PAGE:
innodb_flush_method: DIRECT_IO relieves I/O pressure. Direct I/O is not cached, If it set to O_DIRECT avoids double buffering with buffer pool and filesystem cache. Given that you have hardware RAID controller and battery-backed write cache.

innodb_file_per_table: innodb_file_per_table is ON by default from MySQL 5.6. This is usually recommended as it avoids having a huge shared tablespace and as it allows you to reclaim space when you drop or truncate a table. Separate tablespace also benefits for Xtrabackup partial backup scheme.

Oh by the way…

Don’t cache in linux


vm.swappiness = 1-5

MySQL Optimization Tools my.cnf tuning


Percona Configuration Wizard

Perhaps the most commonly used my.cnf tuning tool available is MySQLTuner.  This program consists of a simple perl script.  If your server is not currently set up to run perl then you will need to do this.  It can be downloaded or in the case of Ubuntu server, installed directly using apt-get.  Make sure your server has been up and used as it typically is for at least 24 hours.  This use data is important to the script.  Upon running this simple program, a report will be generated suggesting my.cnf configuration changes.  Use this report with caution.  While it will effectively identify some problems and will take care of the capacity estimations you might normally calculate by hand, it’s advice could potentially degrade performance in some cases.  Make sure that you understand the changes you are making regardless of whether or not they have been suggested by an optimization tool.

Another interesting tool is the Percona configuration wizard.  This online tool generates a fairly optimized my.cnf file for your database based on your answers to a sequence of questions.  It could not get any easier than that 🙂


MySQL Database Design for Scalability and Performance

Resource Usage and Size Limits

Operating System File-size Limit
Win32 w/ FAT/FAT32 2GB/4GB
Win32 w/ NTFS 2TB (possibly larger)
Linux 2.2-Intel 32-bit 2GB (LFS: 4GB)
Linux 2.4+ (using ext3 file system) 4TB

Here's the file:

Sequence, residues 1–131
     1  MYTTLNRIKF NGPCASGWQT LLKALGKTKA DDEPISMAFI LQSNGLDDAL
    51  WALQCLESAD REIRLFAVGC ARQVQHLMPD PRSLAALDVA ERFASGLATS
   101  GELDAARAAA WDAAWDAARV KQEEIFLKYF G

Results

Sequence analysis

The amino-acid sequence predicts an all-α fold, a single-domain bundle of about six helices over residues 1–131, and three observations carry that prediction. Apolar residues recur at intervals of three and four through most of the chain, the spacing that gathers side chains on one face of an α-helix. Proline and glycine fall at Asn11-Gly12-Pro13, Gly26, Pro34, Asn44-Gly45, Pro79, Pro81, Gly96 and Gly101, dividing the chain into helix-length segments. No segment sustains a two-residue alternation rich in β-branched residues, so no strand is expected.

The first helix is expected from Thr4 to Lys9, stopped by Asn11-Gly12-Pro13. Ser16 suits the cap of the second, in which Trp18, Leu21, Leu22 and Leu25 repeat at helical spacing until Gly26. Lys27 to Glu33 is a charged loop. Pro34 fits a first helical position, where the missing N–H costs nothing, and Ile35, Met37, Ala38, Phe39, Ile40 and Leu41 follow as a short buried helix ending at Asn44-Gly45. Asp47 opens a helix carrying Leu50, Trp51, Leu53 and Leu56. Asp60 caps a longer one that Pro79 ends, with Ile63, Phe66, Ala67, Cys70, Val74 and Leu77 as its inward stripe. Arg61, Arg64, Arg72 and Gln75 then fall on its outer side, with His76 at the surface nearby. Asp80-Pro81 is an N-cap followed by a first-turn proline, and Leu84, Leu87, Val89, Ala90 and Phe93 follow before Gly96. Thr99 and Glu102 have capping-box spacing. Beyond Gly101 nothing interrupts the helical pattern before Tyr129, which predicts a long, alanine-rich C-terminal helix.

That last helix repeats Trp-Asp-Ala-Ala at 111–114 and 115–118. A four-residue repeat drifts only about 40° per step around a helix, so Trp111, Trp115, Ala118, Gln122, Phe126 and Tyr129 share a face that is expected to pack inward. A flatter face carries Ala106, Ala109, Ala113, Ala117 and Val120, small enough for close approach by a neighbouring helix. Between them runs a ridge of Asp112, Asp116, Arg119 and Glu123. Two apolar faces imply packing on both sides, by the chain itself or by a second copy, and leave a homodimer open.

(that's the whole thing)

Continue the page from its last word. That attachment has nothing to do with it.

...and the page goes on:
Solaris 9/10 16TB (who does file systems better than the guys at Sun?)
MacOS X w/ HFS+ 2TB
NetWare w/NSS file system 8TB

In this section I will be discussing database design for large data sets.  First, it is good to be aware of what the actual limits imposed upon your database by the hardware and operating system it is running on are.  MySQL in most cases on modern machines is capable of managing very large data sets, often times, much larger than most applications ever call for.  In general, the hard limits to be aware of are imposed by the file system.  If you are using a 32 bit linux os or a fat file system, table sizes will be limited by this to between 2 and 4 gig.  A newer 64 bit linux os with an ext3-4 file system expands this to 4 terrabytes.  On solaris, table file sizes can reach as much as 16 terrabytes without being limited by the file system.  This is quite a lot of data for a single table.  Be sure to start new projects on a newer 64 bit OS and use a modern file system with higher file size limits if at all possible to minimize the impact of this type of limit.  Even if you do not see a current need, database applications are usually better than most at taking advantage of such newer technologies as 64 bit processors and operating systems as well as multi-core processors and large ram allocations.  In cases in which this hard limit is reached, partitioning data sets in different tables by such logical attributes as date is possible.  Rarely will this be the case in a single node system though.  Having enough disk space is another important limitation to be aware of.  The amount of disk space needed for your particular implementation will depend upon the amount of data you have, indexing schemes, logging needs, backup methods and data population requirements.  In today’s environments, disk space is now inexpensive enough that it is rarely lacking due to its cost but more often due to the administrator’s failure to specify enough.